Woodland Caribou demographic data and range boundaries
DeMars, Craig et al. (2021), Woodland Caribou demographic data and range boundaries, Dryad, Dataset, https://doi.org/10.5061/dryad.stqjq2c3g
As global climate change progresses, wildlife management will benefit from knowledge of demographic responses to climatic variation, particularly for species already endangered by other stressors. In Canada, climate change is expected to increasingly impact populations of threatened woodland caribou (Rangifer tarandus caribou) and much focus has been placed on how a warming climate has potentially facilitated the northward expansion of apparent competitors and novel predators. Climate change, however, may also exert more direct effects on caribou populations that are not mediated by predation. These effects include meteorological changes that influence resource availability and energy expenditure. Research on other ungulates suggests that climatic variation may have minimal impact on low-density populations such as woodland caribou because per-capita resources may remain sufficient even in “bad” years. We evaluated this prediction using demographic data from 21 populations in western Canada that were monitored for various intervals between 1994 and 2015. We specifically assessed whether juvenile recruitment and adult female survival were correlated with annual variation in meteorological metrics and plant phenology. Against expectations, we found that both vital rates appeared to be influenced by annual climatic variation. Juvenile recruitment was primarily correlated with variation in phenological conditions in the year prior to birth. Adult female survival was more strongly correlated with meteorological conditions and declined during colder, more variable winters. These responses may be influenced by the life history of woodland caribou, which reside in low-productivity refugia where small climatic changes may result in changes to resources that are sufficient to elicit strong demographic effects. Across all models, explained variation in vital rates was low, suggesting that other factors had greater influence on caribou demography. Nonetheless, given the declining trajectories of many woodland caribou populations, our results highlight the increased relevance of recovery actions when adverse climatic conditions are likely to negatively affect caribou demography.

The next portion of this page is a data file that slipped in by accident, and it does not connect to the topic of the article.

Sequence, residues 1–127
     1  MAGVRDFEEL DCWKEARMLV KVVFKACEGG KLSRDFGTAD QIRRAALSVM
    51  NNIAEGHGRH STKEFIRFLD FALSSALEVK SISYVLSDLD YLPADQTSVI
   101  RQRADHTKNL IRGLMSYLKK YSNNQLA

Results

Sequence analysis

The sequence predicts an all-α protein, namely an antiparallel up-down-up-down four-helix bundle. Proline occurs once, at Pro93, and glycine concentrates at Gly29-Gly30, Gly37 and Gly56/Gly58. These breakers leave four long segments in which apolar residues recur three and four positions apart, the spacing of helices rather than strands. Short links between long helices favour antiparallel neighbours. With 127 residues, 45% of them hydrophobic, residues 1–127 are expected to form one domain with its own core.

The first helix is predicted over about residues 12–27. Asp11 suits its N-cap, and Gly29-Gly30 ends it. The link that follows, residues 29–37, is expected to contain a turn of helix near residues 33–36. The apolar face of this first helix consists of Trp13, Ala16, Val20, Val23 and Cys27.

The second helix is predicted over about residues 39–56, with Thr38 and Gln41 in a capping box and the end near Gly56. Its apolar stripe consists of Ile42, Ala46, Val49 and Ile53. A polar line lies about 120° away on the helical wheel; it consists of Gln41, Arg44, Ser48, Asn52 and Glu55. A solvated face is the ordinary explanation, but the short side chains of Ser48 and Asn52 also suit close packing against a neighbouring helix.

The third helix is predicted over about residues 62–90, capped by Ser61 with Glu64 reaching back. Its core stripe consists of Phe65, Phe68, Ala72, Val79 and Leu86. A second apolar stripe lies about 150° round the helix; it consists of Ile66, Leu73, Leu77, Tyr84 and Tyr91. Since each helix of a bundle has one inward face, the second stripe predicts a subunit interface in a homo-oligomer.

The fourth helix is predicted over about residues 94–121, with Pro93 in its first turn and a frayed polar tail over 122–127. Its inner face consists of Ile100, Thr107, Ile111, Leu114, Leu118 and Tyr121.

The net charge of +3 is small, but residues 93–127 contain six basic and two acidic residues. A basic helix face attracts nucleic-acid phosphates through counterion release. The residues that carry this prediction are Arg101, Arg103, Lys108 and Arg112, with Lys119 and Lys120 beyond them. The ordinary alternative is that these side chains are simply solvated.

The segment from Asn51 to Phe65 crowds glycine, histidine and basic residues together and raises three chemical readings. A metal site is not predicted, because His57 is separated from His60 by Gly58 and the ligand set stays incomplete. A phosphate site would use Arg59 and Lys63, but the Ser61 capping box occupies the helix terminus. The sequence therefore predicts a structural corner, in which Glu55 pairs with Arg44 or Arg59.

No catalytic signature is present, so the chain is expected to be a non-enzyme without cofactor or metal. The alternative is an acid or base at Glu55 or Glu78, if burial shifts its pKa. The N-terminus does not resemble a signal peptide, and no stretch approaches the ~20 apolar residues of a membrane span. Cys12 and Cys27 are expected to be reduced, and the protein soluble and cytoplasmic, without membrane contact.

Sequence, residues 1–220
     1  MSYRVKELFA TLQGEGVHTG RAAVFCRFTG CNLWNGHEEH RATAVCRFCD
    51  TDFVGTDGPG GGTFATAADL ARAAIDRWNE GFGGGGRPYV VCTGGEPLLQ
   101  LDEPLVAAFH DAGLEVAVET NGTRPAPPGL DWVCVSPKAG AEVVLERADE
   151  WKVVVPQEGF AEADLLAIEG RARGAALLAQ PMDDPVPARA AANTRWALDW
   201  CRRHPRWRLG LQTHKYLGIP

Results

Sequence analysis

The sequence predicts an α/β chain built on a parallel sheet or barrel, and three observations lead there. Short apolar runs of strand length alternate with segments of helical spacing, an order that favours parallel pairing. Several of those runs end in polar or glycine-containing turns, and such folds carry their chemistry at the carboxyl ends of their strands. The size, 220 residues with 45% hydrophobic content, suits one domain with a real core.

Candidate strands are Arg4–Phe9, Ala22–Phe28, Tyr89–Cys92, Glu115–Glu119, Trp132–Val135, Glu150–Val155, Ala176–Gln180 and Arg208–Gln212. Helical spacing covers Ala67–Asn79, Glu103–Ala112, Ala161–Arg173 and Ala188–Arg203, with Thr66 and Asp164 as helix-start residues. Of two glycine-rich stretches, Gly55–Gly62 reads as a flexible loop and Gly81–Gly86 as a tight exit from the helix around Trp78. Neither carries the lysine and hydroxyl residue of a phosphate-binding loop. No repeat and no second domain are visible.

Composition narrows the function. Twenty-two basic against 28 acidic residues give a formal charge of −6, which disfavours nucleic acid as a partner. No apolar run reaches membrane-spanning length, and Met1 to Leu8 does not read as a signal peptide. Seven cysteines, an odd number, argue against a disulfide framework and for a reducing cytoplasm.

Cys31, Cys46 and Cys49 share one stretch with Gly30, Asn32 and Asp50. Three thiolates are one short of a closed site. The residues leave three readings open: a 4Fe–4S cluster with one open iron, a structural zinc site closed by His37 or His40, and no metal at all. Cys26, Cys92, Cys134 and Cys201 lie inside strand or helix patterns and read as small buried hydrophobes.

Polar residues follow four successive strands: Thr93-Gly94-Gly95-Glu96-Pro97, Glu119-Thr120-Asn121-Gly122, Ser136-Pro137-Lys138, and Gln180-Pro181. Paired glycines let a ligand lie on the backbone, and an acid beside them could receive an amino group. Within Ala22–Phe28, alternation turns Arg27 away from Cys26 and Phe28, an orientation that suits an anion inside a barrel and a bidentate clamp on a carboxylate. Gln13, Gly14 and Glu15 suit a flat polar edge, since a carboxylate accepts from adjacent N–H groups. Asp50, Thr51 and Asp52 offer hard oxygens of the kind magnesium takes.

Demographic data from woodland caribou were provided by the governments of Alberta, British Columbia, and Northwest Territories. Calves: adult female ratios (CAF) were estimated from aerial surveys conducted in March. These surveys recorded the total number of calves and adult females observed (mean = 147.3 adult females observed/caribou range/year [range: 11–1288]). CAF ratios were not adjusted to reflect the number of female calves to the total number of females across all age classes. Annual estimates of adult female survival (AVS) were derived from data collected from VHF- or GPS-collared adult females (≥2 years old; exact ages on capture are unknown) in each caribou population . For VHF-collared females, survival status was determined by aerial telemetry flights conducted 4–12 times per year, a monitoring frequency found to produce unbiased survival estimates. Annual rates of AFS for each population were estimated using the Kaplan-Meier method in a staggered entry design.
Also provided is a shapefile depicting the range boundaries for the 21 subpopulations of woodland caribou used in the analyses. The data were also provided by the governments of Alberta, British Columbia, and Northwest Territories.
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